Chillin’ with the kids

September 3, 2010 • 12:14 pm

This morning I spent 45 minutes, via Skype, with Professor John Willis’s Genetics and Evolution course (Bio 102L) at Duke University.  It’s an introductory course for all biology majors, and they’re reading, among other things, Why Evolution is True.  John, a University of Chicago Ph.D. who took my graduate classes, asked me to speak to the students via the internet.  I took a few minutes at the beginning to explain why I wrote the book and who my audience was, and then fielded questions from the students.

You may be surprised at how many of them wanted to talk about religion and evolution. In my experience this is absolutely typical.  It’s a pressing subject, one that, despite my membership in the Strident Gnu Atheists Club, I try to handle with respect, but without diluting my opinions.

If you want to see, the link is here.  Start in at 14:25 (the stuff before it is the class preparing their questions). My part ends at 58:30, and the class continues its discussion for a while thereafter.

The audio is a bit wonky at the start, but improves dramatically after the call is re-started at around 19 minutes in.

20 thoughts on “Chillin’ with the kids

  1. So, this is a bit tangential…but might you be able to recommend a reading list that would get a typical college graduate in a non-science field up to speed on biology? Say, a list that starts with what freshmen should already know and at least gets one to about where you should be by the time you’re starting upper-division classes?

    My last formal education in biology was in high school…more years ago than I care to admit. Aside from the popular press (including Science News and the like) and the ‘Net, I’m sure I’m waaaaay out of date….

    Thanks,

    b&

    1. I’ve been following Biology 101 by Bora Zukovic on his blog. His lectures are valuable and his “hand-outs” are very good also.

    2. Do you want comprehensive (and long/expensive) or accessible but not so detailed (shorter, cheaper, and more numerous lighter reading)?

      The standard intro level book for biology is simply called “Biology” and has been written by Neil Campbell for ages. It is now in its 7th edition and is now co-authored by Jane Reece. Below I’ve included a snippet from Amazon, just to show you what a monster it is.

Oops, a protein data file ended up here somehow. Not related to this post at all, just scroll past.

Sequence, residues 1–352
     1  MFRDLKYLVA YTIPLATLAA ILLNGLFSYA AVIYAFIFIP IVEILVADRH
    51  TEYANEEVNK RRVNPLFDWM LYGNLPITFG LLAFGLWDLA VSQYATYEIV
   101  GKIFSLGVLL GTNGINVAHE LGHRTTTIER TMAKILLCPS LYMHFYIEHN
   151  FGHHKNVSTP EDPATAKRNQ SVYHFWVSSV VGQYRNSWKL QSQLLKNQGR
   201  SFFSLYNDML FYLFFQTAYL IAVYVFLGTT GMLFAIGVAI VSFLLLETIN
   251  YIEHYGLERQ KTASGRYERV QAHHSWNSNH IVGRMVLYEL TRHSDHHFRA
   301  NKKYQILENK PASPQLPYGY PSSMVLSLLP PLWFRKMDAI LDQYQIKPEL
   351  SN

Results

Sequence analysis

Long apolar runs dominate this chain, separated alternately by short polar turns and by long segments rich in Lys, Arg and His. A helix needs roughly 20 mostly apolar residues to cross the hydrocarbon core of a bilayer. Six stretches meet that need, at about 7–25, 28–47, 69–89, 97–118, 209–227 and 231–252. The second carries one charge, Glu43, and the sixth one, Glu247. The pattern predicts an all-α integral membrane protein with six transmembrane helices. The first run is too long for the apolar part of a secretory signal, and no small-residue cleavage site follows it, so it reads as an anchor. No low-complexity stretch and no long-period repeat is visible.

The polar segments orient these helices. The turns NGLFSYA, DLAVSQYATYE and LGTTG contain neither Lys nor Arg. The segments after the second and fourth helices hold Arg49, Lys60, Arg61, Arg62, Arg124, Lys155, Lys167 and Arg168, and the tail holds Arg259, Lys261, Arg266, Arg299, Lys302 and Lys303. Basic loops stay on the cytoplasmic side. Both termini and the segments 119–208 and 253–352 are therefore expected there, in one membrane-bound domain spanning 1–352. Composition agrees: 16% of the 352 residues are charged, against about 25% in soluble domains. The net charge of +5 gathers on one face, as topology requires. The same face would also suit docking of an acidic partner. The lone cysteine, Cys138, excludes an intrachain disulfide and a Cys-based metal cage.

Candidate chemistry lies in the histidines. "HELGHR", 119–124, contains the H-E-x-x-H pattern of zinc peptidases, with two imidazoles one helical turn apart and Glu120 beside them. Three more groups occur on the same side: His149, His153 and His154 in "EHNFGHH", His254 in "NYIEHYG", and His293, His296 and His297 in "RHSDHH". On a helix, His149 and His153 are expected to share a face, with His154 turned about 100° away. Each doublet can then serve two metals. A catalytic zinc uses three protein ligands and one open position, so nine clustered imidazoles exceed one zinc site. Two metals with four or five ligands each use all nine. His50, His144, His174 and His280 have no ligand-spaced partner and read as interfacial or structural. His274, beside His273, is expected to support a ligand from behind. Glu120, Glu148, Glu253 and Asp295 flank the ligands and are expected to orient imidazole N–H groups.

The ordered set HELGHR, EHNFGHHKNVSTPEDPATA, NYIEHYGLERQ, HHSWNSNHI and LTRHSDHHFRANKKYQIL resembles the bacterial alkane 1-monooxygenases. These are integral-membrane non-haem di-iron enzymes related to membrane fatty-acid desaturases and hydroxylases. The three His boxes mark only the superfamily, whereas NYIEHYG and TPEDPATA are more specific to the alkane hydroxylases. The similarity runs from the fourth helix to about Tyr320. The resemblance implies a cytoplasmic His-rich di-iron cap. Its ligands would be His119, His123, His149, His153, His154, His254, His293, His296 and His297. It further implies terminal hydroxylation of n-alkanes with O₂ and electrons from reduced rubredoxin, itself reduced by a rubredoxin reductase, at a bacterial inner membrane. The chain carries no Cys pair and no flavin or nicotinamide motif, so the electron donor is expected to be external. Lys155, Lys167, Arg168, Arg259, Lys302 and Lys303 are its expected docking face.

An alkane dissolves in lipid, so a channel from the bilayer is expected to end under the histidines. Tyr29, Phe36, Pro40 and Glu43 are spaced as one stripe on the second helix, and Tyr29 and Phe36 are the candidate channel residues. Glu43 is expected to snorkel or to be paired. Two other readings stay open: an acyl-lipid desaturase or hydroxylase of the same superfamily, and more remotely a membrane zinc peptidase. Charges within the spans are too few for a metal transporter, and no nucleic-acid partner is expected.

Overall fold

Biology, 7th Ed.
      Neil A. Campbell, Jane B. Reece
      Hardcover: 1312 pages
      Publisher: Benjamin Cummings
      ISBN-10: 080537146X
      ISBN-13: 978-0805371468
      Product Dimensions: 11.1 x 9.1 x 1.6 inches
      Shipping Weight: 7.4 pounds

      1. Apparently, I’m thinking of an old edition, as it appears to now be in its 8th. And the reason it is co-authored is because Campbell died in 2004. Thus spake Wikithustra.

  2. Ben, I know you weren’t asking me…and why should you? But I am in basically the same place you are, and if it’s at all useful, I’m happy to list the books that helped me feel more up to speed:
    At the Water’s Edge, Carl Zimmer
    Your Inner Fish, Neil Shubin
    WEIT, of course
    Endless Forms Most Beautiful, Sean Carroll
    Demons in Eden, Jonathan Silvertown
    Forms of Becoming, Alessandro Minelli
    Life Ascending, Nick Lane

    Those are heavily, heavily evolutionary biology and I realize there’s more to biology than evolution (foundational as evolution is), but since much of the newer information related to genetics and evo-devo IS covered in those books, you could probably do worse than to pick up some of those title.

  3. I’d add Dawkins’ The Ancestor’s Tale myself.

    As a near-layman, I found it packed with fascinating information, and – for the most part – not too technical.

    I already have WEIT, Shubin,Zimmer and Carroll, I’m pleased to say…. I must hunt up the others mentioned above!

    1. Indeed, you really owe it to yourself to get The Ancestors Tale by Dawkins. Each tale in itself is fascinating but when considered as a whole the work is magnificent. It puts all of biology into the proper context– that is, through the lens of evolution.

    2. It is an incredibly compact book. More like a library.
      I don’t know how he managed to squeeze that much info into one volume.

  4. Well done for taking the time to talk to the class, such personal communication is always motivating. I think you are incredibly patient to answer the questions about religion that you must have heard so often. I’m afraid I would have found religious questions in a college level biology class to be more a ‘depressing’ than ‘pressing’ subject.

  5. I like the sort of cheap shot lead-in to the actual question @ 48 mins.

    “… could just pop up out of the primordial ooze”

    I’m still looking for the science books that speak of “popping” and “primordial ooze”. So far I can only find them in religious anti-science propaganda.

    Like it’s cousin, the “cell popping into existence”, I have trouble finding where these claims are made in the scientific literature.

    It’s almost as if they aren’t real scientific concepts at all. o_O

  6. Very cool. Thank you for doing this! I learned some new things, and found it very accessible, well-reasoned, and enjoyable. 🙂

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